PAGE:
A Quick Start to Embedded GUI Applications
This article discusses how designers can leverage a graphics library with a tightly-coupled graphics toolset to expedite GUI development in their projects.
This article discusses how to leverage a graphics library with a tightly-coupled graphics toolset to expedite GUI development, introducing basics, libraries, tool integration, and the MPLAB Harmony Graphics Composer.
Intuitive and impactful graphics can add value and help differentiate a product in an increasingly competitive market. Advancements in smartphone technology have set a high bar for embedded graphics. Users expect an intuitive, touch-enabled graphical user interface (GUI) with rich colors that use crisp industrial design aesthetics. Many talented application designers are tasked with creating such GUIs without adequate experience, knowledge, or training. As with any other task, inexperience leads to inefficiency and can impact time to market, ultimately hitting bottom-line productivity.
Figure 1. Users expect smartphone-like touch control on most modern devices, from car infotainment systems to smartwatches.
Embedded Graphic Design Basics
The most basic element in graphics is the pixel. Pixels are points of color used to compose more complex structures such as geometric shapes, images, and text.
Geometric shapes such as rectangles and circles are often used in GUI design. To fill the background with a color is as simple as drawing a large rectangle. Circles and curves give the design a modern quality by subtly incorporating the analog nature of the real world to the harsh contrast of the digital world.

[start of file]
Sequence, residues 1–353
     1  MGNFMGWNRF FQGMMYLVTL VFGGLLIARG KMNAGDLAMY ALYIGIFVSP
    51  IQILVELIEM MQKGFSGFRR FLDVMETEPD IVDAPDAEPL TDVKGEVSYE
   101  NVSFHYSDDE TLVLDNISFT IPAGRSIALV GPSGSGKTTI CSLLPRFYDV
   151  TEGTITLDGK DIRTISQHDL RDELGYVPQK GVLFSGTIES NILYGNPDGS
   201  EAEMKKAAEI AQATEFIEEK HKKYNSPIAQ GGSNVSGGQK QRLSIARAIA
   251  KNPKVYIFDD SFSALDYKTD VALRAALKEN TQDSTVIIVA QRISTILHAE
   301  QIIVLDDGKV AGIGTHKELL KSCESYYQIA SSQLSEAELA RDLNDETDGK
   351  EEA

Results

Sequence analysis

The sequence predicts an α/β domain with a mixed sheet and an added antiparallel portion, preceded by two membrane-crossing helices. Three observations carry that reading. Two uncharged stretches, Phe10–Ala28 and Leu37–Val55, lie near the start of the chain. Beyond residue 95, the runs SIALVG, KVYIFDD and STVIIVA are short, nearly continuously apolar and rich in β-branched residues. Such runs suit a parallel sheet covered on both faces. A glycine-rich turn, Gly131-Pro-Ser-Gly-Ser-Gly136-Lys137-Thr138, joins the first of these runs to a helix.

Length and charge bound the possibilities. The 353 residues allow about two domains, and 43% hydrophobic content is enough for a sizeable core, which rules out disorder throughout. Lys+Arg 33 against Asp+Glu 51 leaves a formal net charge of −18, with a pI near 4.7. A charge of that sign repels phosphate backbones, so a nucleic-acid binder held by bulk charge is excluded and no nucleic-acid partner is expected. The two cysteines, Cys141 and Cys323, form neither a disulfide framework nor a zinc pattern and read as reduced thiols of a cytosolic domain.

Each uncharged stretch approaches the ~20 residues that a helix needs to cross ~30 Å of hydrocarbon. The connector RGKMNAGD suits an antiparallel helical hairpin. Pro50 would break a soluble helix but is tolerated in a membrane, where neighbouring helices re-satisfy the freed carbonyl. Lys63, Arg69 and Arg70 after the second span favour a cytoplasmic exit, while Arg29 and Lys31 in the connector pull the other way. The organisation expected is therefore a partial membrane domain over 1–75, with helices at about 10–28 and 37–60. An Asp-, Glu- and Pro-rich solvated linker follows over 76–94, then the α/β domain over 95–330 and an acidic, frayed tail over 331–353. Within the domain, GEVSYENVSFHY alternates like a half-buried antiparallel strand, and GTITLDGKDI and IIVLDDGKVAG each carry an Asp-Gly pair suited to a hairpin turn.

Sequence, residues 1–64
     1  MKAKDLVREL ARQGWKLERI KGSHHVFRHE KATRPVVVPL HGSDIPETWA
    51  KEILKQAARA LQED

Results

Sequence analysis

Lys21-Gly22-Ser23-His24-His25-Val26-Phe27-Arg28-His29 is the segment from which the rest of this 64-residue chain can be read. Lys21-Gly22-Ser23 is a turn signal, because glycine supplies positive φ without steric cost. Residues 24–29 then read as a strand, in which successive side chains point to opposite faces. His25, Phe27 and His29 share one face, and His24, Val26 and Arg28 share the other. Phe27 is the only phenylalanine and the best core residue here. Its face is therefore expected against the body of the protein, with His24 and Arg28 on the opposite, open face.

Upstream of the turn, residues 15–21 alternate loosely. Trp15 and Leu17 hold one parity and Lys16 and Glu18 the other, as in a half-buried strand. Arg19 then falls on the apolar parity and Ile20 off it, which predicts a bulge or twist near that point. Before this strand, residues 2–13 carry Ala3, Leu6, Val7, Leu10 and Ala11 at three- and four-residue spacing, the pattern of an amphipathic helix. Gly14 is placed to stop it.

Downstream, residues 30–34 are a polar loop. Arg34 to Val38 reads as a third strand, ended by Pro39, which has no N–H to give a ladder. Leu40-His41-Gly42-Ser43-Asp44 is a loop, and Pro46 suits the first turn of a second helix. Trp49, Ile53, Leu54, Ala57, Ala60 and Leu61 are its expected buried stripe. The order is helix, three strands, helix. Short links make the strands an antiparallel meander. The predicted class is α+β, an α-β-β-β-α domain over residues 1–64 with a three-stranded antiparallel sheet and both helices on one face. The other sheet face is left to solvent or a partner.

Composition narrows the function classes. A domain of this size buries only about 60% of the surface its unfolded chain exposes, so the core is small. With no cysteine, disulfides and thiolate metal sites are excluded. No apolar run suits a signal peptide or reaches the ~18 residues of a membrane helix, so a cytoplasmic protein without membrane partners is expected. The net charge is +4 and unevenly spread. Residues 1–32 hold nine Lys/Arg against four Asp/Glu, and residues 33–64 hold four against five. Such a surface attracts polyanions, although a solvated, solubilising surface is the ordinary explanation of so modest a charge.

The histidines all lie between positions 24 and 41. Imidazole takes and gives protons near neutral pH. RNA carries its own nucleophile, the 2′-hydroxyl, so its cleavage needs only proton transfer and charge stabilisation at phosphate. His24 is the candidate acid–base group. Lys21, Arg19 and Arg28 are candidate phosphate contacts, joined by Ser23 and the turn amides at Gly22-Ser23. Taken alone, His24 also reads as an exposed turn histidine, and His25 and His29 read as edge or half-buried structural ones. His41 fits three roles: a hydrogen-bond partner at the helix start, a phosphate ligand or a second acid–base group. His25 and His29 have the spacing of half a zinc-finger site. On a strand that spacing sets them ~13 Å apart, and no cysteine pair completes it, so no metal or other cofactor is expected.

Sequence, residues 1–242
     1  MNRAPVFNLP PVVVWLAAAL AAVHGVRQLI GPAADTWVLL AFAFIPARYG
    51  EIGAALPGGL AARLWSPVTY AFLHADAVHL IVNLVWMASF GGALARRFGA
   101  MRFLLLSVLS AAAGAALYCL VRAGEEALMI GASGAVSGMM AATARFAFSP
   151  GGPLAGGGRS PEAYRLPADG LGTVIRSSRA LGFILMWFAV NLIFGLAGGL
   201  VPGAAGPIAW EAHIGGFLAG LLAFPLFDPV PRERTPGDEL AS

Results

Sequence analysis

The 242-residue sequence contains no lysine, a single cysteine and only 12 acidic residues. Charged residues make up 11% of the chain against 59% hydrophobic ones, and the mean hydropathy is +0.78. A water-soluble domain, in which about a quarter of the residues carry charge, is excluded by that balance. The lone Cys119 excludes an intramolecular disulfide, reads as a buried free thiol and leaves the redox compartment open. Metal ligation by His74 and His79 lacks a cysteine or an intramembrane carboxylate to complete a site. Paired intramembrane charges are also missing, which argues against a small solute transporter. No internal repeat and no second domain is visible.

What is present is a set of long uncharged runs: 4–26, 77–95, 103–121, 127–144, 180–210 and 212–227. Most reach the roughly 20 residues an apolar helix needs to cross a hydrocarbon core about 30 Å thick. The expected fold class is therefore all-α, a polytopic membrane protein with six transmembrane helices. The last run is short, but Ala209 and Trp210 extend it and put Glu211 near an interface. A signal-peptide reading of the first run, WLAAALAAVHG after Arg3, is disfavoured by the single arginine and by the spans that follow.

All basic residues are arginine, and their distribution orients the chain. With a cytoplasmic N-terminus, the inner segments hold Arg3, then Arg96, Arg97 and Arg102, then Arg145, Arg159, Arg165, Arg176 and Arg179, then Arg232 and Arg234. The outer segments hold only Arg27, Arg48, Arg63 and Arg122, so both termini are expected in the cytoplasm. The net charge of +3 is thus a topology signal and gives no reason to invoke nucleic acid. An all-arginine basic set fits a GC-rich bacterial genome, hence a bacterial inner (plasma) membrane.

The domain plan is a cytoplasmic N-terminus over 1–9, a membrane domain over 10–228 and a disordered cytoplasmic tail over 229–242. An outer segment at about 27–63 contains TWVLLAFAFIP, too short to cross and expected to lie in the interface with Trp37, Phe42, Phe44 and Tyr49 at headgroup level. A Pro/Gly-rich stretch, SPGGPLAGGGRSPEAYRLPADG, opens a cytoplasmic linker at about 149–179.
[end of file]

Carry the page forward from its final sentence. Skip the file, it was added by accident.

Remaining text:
Figure 2. A high-quality GUI design is achievable with a combination of text, images and judicious use of geometric shapes such as circles and rectangles.
For more complex visual aesthetics or artistic consistency, images can be used instead. Images are created from external sources and are captured by a digital camera or created by artists digitally.
Text is necessary to communicate the function of the GUI. Text can be characters and symbols of any language. Each character in a computer font is called a glyph. To manage style, uniformity, and scaling, glyphs are packaged into digital data sets known as fonts.
Using Images and Fonts
Typically, images and fonts are integrated into the code of the GUI application as binary data blocks. They are often referred to as assets. Depending on how the assets are packaged, they place different demands on system resources.
In the embedded space – where system performance, memory, and storage are all limited resources — finding a balance between all three is paramount. Geometric shapes are procedurally generated, requiring comparably fewer resources than font and image assets.
Font assets are often computer font packages that are preprocessed on a development desktop computer into a set of bitmap images, each being a glyph. This is preferred over vector fonts. Bitmap fonts require much fewer calculations from the CPU to draw at runtime, but are non-scalable, requiring a separate set of glyphs for each size. Storage size can be managed by filtering out glyphs from the source font package that are not needed for the GUI design.